According to Gibson, from the beginning of the campus closure through April 24, 175 students had signed up for the college’s Binom platform.

Additionally, 300 appointments have been booked and there were approximately 50 drop-in sessions.

Academic Senate President Katherine Krolikowski said a major concern was determining which lecture and lab classes could be completed remotely and if students will be able to learn what they need to in a remote environment.

Krolikowski said, “During the emergency our role was to determine if students could receive the full education they deserve, so when people finish classes, they get what they need — even if things are remote. Can a lecture class be completed adequately online? Before March 17, the Academic Senate said it’s possible for all lecture classes to be completed remotely. Then we (Academic Senate) thought about whether we were able to complete the lab classes remotely.”

Lab classes moving to remote instruction are faced with unique challenges because many lab classes are centered around hands-on learning.

Courses in automotive services, biotechnology and drama are going to struggle with the adaptation to online learning because of their reliance on working with equipment and gaining hands-on experience.

For Krolikowski’s Biological Sciences 157 class, there is concern that a lot of the future lab work will not be able to be completed due to the course moving to remote instruction.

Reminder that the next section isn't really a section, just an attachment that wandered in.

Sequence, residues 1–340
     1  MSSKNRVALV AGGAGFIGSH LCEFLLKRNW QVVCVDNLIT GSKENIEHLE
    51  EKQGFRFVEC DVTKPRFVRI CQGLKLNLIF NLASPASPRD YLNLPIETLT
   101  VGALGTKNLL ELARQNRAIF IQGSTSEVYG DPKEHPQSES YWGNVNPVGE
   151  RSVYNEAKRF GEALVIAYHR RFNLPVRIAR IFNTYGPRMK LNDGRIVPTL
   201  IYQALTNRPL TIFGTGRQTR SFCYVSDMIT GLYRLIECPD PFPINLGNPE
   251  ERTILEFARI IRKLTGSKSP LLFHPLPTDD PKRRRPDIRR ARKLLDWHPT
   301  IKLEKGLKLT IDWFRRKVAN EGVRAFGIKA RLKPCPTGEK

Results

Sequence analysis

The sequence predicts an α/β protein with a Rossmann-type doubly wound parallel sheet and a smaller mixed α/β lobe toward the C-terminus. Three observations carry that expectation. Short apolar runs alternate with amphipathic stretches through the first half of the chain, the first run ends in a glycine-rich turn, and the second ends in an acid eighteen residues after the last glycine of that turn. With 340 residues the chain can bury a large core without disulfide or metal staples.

Krolikowski said, “The first two remote lab meetings we were repeating techniques we’ve already done, so I had students guide me. I’m concerned going forward. What’s planned for this class is new things students are supposed to learn how to do in the lab. There’s a difference between watching something and doing it yourself. Our biotech classes are designed for students to do things themselves. Everyone has a good attitude, but the students also know they’re missing valuable experience in our facilities.”

Classes are being conducted primarily using Zoom and Canvas.

Zoom is an online video conferencing platform that allows classes to meet and discuss over video chat. Canvas is the common online learning platform used at Contra Costa College where instructors can assign assignments, create discussion boards, make announcements and post grades.

While these online learning platforms are not perfect according to Kilivris, they offer enough features for most lecture classes to be held in an effective manner. However, for these platforms, computers, webcams and other peripherals are often needed to create an effective learning environment.

Krolikowski said staff members were able to request equipment loans for webcams or computers. Biology professors were even offered white boards should they need to write formulas and illustrate demonstrations.